On his return to China, Yuan Shih-k'ai was appointed intendent of the Wenchow-Ch'uchow circuit in Chekiang, but he did not take up the duties of this post. At the request of Li Hung-chang, he assisted Chou Fu {see under Chou Hsueh-hsi) in supervising the transportation of military supplies to the Chinese forces fighting the Japanese in Korea and Manchuria. By war's end. Yuan had won the confidence of such influential Manchu officials in Peking as Jung-lu (ECCP, I, 405-9) and I-k'uang (Prince Ch'ing). As a result of the defeat by Japan, the Manchu court recognized the urgent need for military reforms. At the suggestion of Jung-lu, Yuan Shih-k'ai began work on a manual of modern Western methods of military training. The resulting (Ch'ih-chin) Hsun-lien tsao-fa hsiang-hsi Cu-shuo, which favored the use of German training methods, was presented to the throne in 1899.

In December 1 895 Jung-lu and other members of the Grand Council recommended that Yuan Shih-k'ai be chosen to organize and train a modern military force. Later that month, Yuan was appointed to succeed Hu Yü-fen (d. 1906; T. Yun-mei) as commander of the Pacification Army (Ting-wu-chün), which had been organized during the Sino-Japanese war. Yuan's new command, renamed the Newly Created Army (Hsin-chien lu-chün), was stationed near Tientsin at Hsiaochan, the military encampment formerly used by the famous Anhwei Army (Huai-chün) of Li Hung-chang.

Although derived from the Anhwei Army in several respects, especially personnel, the Newly Created Army differed from the regional armies formed during the Taiping Rebellion in that it was financed by, and hence was dependent upon, the central government at Peking. Nevertheless, like the leaders of the earlier armies, Yuan was able to foster among his men a strong sense of personal loyalty to him. Under his direction, the Newly Created Army was expanded from about 4,000 to about 7,000 men. Most of the new men were recruited from the northern provinces of Shantung, Honan, Anhwei, and Kiangsu. With the assistance of German military officers, he established officer training schools and reorganized his troops along modern Western lines into units of infantry, cavalry, artillery, and engineers. He also instituted a modern military staff system, and he appointed his old friend Hsü Shih-ch'ang (q.v.) chief of staff and T'ang Shao-yi (q.v.) as secretary to staff headquarters. In the course of building up the Newly Created Army, Yuan Shih-k'ai frequently was subjected to criticism. On one occasion, in the spring of 1896, he was impeached by a censor on charges of extravagance in his management of the establishment at Hsiaochan. However, Jung-lu, who was sent by the imperial court to investigate the charges, was much impressed by the smart appearance of Yuan's troops, and he sent in a report which praised Yuan's achievements. That Yuan enjoyed the favor of the Manchu court was demonstrated further by his appointment as provincial judge of Chihli in July 1897. He also was regarded with favor by reformers because he had declared his support of the Ch'iang-hsueh-hui, a reform group that had been organized by K'ang Yu-wei (q.v.) and his associates.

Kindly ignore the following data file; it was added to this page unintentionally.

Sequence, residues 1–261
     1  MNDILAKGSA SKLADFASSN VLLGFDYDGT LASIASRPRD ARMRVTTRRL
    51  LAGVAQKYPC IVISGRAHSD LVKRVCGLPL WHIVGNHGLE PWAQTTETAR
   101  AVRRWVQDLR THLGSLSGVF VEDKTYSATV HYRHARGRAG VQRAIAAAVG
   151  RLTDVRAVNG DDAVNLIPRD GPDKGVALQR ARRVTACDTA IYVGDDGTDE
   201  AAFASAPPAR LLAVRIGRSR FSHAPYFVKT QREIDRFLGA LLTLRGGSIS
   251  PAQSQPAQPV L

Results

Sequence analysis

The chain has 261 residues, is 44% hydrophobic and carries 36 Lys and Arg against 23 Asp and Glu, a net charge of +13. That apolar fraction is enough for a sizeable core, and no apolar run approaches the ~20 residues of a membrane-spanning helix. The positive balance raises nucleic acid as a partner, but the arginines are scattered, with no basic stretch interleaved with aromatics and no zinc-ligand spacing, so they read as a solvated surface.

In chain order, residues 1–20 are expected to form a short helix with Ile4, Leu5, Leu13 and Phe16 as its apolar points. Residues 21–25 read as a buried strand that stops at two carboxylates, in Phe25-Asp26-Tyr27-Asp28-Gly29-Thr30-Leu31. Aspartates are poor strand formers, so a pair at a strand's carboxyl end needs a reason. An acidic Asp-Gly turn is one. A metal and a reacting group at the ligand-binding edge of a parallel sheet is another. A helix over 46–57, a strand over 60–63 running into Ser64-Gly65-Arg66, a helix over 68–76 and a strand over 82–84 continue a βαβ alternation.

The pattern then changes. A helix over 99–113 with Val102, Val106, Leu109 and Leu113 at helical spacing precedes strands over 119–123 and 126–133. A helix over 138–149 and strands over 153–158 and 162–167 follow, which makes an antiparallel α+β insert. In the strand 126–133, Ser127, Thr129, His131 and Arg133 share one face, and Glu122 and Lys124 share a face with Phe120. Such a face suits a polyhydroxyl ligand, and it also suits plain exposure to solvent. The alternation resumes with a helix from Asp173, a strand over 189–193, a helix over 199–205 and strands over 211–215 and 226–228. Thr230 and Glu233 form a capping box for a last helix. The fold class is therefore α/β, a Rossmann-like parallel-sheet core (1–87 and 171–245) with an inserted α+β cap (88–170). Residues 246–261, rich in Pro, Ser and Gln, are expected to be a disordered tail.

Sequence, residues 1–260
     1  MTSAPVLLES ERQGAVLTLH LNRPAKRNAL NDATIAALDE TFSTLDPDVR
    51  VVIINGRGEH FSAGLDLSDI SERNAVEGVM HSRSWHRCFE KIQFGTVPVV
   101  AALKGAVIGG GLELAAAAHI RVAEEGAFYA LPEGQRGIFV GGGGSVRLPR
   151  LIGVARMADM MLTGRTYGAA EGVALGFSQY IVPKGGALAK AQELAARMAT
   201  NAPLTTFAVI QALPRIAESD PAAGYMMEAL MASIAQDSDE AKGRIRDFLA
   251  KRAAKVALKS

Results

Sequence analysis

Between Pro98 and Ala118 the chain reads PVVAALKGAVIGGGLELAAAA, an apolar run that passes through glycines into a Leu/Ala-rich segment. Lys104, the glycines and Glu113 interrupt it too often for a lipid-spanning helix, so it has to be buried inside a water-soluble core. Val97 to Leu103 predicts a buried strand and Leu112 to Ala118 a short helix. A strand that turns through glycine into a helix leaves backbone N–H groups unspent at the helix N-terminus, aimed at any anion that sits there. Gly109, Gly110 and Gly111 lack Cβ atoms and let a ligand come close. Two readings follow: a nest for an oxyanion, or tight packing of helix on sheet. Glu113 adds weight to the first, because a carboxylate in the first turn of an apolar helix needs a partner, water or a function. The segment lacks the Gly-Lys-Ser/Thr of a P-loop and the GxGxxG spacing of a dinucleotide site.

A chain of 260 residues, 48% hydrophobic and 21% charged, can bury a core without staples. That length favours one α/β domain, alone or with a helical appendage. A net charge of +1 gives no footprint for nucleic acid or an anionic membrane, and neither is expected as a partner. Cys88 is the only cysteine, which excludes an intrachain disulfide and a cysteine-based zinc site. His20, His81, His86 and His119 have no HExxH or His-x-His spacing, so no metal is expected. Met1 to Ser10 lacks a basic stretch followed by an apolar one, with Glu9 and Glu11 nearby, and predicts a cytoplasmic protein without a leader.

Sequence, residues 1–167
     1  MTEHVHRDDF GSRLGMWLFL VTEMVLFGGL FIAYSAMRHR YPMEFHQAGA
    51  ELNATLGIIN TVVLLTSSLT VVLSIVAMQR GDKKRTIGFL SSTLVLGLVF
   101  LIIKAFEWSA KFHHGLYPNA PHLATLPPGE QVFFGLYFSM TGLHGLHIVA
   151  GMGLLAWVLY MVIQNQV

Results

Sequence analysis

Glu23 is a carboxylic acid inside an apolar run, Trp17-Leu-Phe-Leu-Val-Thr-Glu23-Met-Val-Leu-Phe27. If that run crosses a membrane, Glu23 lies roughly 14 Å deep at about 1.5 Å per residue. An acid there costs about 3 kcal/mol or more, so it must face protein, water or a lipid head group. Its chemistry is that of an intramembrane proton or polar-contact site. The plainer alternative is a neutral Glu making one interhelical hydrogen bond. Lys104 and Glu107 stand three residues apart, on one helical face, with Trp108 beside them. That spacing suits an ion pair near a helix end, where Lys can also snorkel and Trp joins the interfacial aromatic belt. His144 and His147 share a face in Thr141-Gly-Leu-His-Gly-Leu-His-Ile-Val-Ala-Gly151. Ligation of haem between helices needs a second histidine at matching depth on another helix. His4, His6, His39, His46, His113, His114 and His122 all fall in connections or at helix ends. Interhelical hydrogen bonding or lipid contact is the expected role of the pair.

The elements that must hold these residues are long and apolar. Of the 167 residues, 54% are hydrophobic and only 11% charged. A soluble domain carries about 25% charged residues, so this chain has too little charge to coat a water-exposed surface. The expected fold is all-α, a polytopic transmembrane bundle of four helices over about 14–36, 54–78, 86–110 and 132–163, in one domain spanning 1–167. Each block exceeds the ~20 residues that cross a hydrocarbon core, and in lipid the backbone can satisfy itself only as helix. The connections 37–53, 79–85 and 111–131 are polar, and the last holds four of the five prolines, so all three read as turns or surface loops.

In 1898, during the Hundred Days Reform, Yuan Shih-k'ai was promoted to the rank of board vice president by the young Kuang-hsü emperor. Soon afterwards, T'an Ssu-t'ung (ECCP, II, 702-5) tried to enlist his help in staging a coup to oust the empress dowager and the conservatives and to place the emperor and the reform faction in complete control of the government. Yuan is generally believed to have divulged this plot to Jung-lu, the leader of the empress dowager's faction. Jung-lu took counteraction that brought a sudden end to the reform movement, removed the emperor from power, and restored the empress dowager to her former position of undisputed authority. Although Yuan later prepared a wu-hsü jih-chi, or diary, in which he tried to absolve himself of responsibility for the fate of the Kuang-hsü emperor and the reformers, it should be noted that after the conservative action of September 1898 he became a favorite of the empress dowager and that in June 1899 he was made junior vice president of the Board of Works.

Late in 1898 Jung-lu, then in command of all military forces in north China, reorganized military units in that area as a single army, the Guards Army (Wu-wei-chün). This new force consisted of five divisions : the Front Division, formerly the Tenacious Army (Wu-i-chün) of Nieh Shih-ch'eng {see under Feng Kuo-chang) ; the Rear Division, formerly the Kansu troops (Kan-chun) of Tung Fu-hsiang (1839-1908; T. Hsing-wu) ; the Center Division, a newly organized unit of bannermen under the direct command of Jung-lu; the Left Division, formerly the Resolute Army (I-chün) of Sung Ch'ing (ECCP, II, 686-88); and the Right Division ( Wu-wei yu-chün) , formerly the Newly Created Army of Yuan Shih-k'ai. Of these five divisions, most of which were made up of old-style troops, Yuan's Right Division, still stationed at Hsiaochan, was by far the best trained and equipped. In May 1899 a detachment of his troops was transferred to Shantung to reinforce local units, then beset by German encroachments from Kiaochow and by increasing unrest, particularly the anti-foreign outbreaks of the Boxers (I-ho-t'uan). The Boxer disturbances in Shantung increased in frequency and violence, and diplomatic pressures by foreign governments resulted in the December 1899 recall of the anti-foreign governor, Yühsien (d.l901; T. Tso-ch'en). Yuan Shih-k'ai was ordered to Shantung as acting governor; he took the bulk of his division with him.